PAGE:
Scientists have discovered that a variety of aquatic animals are slowly dying from vitamin deficiencies, including salmon, eels, and mussels. Thiamine deficiencies can now be linked to population declines for a number of animal species. The exact cause of these deficiencies is unknown but researchers are beginning to piece together the puzzle. The details are in a paper that was just published in the journal Scientific Reports.
Some animal populations are declining for unknown reasons, including many species of eels, mussels, fish, and birds. Specific species, such as salmon, are beginning to disappear even when there’s no clear cause. Previous studies have pointed to thiamine (vitamin B1) deficiencies as contributing factors in these unusual cases.
A team of researchers from Stockholm University collaborated with scientists throughout the world to design a large-scale experiment on possible thiamine deficiencies in wild animals. Thiamine is a necessary vitamin for maintaining normal cellular processes. The team collected data from 45 research sites and found evidence of thiamine deficiencies in blue mussels, common eiders, Atlantic salmon, sea trout, American eels, and European eels. Based on their data, the research team concluded that these deficiencies were due to food sources and not from illness, parasites, or other problems.
Thiamine deficiencies can cause a number of serious but non-fatal problems in animal species. Slower growth, reproductive issues, poor swimming abilities, and vulnerability to parasitic infections are all possible effects. A deficiency in thiamine also changes blood chemistry in a way that can lead to organ damage and low endurance. Although the researchers now know that nutritional deficiencies are to blame for the decrease of some animal populations, the entire mystery has not been solved. Researchers still aren’t sure what is causing a lack of thiamine in the animals’ food sources.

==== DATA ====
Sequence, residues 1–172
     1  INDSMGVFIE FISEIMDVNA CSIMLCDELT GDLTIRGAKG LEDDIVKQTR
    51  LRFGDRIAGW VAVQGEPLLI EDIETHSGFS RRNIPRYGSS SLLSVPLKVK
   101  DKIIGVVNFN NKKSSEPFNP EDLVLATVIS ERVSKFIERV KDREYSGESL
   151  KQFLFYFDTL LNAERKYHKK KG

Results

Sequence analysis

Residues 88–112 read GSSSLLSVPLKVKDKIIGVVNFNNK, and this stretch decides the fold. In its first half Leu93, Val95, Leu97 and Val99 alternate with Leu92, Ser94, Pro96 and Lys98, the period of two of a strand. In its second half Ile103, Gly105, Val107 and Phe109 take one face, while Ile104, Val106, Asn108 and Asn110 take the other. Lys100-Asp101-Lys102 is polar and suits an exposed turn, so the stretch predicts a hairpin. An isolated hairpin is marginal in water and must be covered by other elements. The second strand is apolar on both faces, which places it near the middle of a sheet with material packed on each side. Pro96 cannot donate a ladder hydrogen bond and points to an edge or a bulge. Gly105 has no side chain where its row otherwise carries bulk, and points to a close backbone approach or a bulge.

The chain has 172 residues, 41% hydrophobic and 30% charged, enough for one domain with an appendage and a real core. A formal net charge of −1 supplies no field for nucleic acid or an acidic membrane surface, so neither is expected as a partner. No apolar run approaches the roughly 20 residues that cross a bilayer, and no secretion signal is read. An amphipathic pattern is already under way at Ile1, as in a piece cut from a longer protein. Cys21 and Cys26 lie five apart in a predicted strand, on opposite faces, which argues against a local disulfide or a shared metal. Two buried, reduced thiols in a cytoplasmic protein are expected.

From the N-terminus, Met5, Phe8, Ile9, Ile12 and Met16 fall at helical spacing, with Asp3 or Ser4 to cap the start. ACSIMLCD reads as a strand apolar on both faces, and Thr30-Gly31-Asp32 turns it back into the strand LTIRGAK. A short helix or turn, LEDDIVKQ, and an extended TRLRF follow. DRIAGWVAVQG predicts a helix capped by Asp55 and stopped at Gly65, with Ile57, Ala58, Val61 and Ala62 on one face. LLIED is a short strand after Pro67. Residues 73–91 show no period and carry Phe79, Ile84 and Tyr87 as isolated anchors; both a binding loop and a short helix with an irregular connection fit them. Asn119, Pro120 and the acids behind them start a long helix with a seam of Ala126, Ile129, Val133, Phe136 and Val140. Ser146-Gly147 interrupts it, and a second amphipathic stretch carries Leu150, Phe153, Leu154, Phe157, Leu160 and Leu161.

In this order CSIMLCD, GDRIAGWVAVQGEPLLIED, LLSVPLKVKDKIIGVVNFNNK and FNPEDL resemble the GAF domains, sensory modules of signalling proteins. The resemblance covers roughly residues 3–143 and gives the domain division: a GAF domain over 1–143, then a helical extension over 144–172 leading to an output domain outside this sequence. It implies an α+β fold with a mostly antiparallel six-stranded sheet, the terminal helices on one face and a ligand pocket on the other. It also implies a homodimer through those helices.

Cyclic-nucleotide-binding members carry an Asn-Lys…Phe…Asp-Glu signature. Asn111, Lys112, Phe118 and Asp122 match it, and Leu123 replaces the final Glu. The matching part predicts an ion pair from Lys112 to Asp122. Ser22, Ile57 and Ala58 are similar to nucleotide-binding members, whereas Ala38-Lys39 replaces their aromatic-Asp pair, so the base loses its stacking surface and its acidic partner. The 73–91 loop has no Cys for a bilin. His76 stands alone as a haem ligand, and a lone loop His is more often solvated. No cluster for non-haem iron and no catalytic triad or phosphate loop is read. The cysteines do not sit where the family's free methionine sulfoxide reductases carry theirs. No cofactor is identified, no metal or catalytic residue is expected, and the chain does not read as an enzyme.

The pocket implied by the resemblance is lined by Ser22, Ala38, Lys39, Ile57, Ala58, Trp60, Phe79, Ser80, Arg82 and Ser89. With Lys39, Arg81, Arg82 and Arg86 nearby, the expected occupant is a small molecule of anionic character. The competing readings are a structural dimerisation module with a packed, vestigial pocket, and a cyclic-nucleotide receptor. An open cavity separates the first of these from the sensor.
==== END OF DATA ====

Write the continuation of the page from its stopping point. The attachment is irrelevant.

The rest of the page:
The team’s findings provide an explanation for some of the mysterious population declines found in aquatic animals. Many animals are suffering from thiamine deficiencies, which cause a number of serious medical problems. Further research is needed to determine exactly why these environments lack such an important vitamin.
Balk et al. Widespread episodic thiamine deficiency in Northern Hemisphere wildlife. Scientific Reports (2016).